Wild strawberries (Fragaria vesca) are a revelation. If you’ve never tried them before, imagine the very essence of strawberry. They are the real thing, with the flavour of commercially available fruit being a shade, a rumour of the true nature of this berry.
This is hyperbole, of course. There are plenty of varieties of cultivated strawberry that are delicious and well worth a fork and some whipped cream. What is true is that wild strawberries are tiny capsules of incredible flavour, like a Victorian confectioner’s idea of how these things should taste. They are no bigger than a fingernail, often smaller, and can be scarce.
The plant itself is common, often found in great carpets in forest clearings. They do enjoy a poor soil, and can be found on waste ground and along paths in parks. I have a patch that has colonised the ground along the front wall of my garden, a new resident enjoying my experiments in wild gardening. They do not always produce fruit, and when they do often in small amounts.
The wild strawberry is easy to identify, looking almost exactly like its cultivated cousin. The leaves are divided into three lobes with teeth running along the edges and deeply veined. The flowers, which appear in late spring and throughout the summer, are white and five-petalled. The fruits are, well, tiny strawberries. Frustratingly there is a lookalike called the barren strawberry, which flowers but produces no fruit. (The main difference in appearance is that the petals of the barren strawberry do not touch each other, where those of the fruiting plant overlap very slightly.)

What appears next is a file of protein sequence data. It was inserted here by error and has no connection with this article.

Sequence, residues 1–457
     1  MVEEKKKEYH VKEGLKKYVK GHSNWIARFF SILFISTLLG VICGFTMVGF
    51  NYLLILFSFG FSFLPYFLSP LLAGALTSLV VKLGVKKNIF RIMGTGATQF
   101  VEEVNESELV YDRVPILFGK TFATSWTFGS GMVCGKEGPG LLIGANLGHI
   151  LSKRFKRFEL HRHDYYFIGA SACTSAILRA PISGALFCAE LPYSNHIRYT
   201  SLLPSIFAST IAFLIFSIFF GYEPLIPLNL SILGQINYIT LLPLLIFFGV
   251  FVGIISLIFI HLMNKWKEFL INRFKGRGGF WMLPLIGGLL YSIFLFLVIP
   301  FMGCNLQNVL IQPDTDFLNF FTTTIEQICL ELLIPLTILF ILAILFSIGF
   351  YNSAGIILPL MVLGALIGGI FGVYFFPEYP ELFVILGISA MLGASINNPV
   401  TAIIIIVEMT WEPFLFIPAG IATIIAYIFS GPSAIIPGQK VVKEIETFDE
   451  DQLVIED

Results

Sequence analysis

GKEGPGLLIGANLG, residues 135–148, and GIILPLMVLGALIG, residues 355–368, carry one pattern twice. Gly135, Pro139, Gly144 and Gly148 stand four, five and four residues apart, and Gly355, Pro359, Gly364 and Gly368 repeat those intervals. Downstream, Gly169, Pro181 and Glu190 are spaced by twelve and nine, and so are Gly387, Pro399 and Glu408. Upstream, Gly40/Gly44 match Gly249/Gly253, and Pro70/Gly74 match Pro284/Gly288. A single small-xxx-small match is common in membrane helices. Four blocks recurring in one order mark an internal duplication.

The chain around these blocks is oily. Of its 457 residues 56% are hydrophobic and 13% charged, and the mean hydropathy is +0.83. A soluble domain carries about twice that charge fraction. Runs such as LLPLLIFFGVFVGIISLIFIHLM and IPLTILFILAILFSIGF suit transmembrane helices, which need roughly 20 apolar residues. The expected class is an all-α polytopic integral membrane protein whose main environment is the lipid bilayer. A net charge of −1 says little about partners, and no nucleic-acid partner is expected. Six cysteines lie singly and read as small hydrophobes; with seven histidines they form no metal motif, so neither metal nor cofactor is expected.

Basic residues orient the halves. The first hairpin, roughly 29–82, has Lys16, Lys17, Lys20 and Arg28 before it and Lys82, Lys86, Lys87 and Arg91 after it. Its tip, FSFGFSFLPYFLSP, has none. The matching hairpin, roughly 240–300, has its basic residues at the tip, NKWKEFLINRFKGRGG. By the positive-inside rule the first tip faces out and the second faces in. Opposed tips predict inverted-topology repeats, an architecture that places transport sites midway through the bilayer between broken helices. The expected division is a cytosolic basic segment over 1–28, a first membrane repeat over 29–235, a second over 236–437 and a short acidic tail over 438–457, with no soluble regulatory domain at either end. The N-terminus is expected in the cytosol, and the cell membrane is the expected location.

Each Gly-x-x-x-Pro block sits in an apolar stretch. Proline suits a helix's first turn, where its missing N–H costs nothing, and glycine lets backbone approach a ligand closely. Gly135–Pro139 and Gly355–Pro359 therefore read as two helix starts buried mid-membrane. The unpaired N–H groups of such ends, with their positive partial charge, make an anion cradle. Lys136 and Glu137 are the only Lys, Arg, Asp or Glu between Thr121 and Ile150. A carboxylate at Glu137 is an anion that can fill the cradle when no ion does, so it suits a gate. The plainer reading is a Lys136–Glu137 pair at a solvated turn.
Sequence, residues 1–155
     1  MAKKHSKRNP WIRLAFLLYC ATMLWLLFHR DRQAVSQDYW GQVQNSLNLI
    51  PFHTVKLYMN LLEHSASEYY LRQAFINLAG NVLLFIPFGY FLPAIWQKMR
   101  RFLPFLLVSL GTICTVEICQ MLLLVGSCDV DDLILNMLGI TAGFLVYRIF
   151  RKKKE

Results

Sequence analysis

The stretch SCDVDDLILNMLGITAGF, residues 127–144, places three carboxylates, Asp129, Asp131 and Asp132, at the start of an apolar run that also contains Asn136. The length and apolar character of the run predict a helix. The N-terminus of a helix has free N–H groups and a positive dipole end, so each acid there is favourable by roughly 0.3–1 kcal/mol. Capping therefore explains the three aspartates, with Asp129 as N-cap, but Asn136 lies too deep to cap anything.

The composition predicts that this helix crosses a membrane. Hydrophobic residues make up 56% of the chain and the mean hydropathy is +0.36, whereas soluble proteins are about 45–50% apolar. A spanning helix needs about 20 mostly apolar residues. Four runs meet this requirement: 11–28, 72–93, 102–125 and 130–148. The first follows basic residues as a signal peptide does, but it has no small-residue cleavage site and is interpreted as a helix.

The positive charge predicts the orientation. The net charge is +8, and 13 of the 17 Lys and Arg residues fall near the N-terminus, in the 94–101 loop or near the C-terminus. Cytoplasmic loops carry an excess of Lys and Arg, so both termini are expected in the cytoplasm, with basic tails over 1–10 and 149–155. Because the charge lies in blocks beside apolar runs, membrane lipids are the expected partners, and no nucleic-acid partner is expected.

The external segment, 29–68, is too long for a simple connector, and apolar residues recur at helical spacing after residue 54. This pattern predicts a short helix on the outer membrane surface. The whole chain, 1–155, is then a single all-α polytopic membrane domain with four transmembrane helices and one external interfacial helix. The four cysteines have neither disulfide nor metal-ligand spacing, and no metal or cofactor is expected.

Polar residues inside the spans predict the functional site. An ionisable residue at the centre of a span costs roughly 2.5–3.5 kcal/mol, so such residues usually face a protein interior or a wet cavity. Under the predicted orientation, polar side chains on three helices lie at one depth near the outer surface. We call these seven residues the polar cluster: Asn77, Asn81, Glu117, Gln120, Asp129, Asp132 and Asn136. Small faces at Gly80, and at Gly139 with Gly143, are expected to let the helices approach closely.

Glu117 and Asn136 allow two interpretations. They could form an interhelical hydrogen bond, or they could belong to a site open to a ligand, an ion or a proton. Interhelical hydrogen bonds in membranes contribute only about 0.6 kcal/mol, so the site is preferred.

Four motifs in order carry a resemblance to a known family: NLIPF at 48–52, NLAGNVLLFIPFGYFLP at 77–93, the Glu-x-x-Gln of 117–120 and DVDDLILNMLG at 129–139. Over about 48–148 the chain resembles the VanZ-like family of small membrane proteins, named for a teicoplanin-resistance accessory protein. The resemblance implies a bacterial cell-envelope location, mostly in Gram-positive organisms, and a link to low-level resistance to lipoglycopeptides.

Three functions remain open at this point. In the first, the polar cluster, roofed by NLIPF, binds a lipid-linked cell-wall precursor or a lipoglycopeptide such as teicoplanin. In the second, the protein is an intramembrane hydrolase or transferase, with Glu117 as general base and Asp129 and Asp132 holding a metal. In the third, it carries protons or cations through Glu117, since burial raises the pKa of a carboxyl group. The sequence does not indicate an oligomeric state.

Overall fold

As always don’t eat any wild plants or fungi if you are not 100% sure of identity.
If you are lucky enough to find some, the best way to eat them is there and then, warm from the sun. If you find more than a handful, and manage to get them back to the kitchen without scoffing the lot, a cheesecake is a fitting tribute to this most perfumed of summer fruits.
This is a set cheesecake rather than a baked one.
(for the base)
75g salted butter
200g Kellogg’s Special K (or generic equivalent)
(for the topping)
250g cream cheese
50g caster sugar
400g wild strawberries (or cultivated if you have only a few wild), plus extra (wild) for decorating
juice of half a lemon
Very briefly pulse the Special K in a food processor until a rough crumb consistency – you don’t want it too powdery. Melt the butter in a pan on a low heat, add the Special K and the honey, and combine thoroughly. Grease a spring-bottomed cake tin, and press the mixture firmly onto the base using the back of a spoon. Bake in a preheated oven at about 160 for 10 minutes. Allow to cool and then pop in the fridge for couple of hours to set firm.
Blitz the strawberries to a rough paste (you want some small chunks of fruit remaining). Whip the ricotta and the cream cheese together until smooth, then stir in the strawberry paste, caster sugar, and lemon juice, until thoroughly combined. Carefully spread over the chilled base, sprinkle over the remaining wild strawberries, and then pop back in the fridge until firmed up – a couple of hours at least.
To serve, gently remove the ring from the cake tin and cut into slices. It will be quite delicate to care is needed.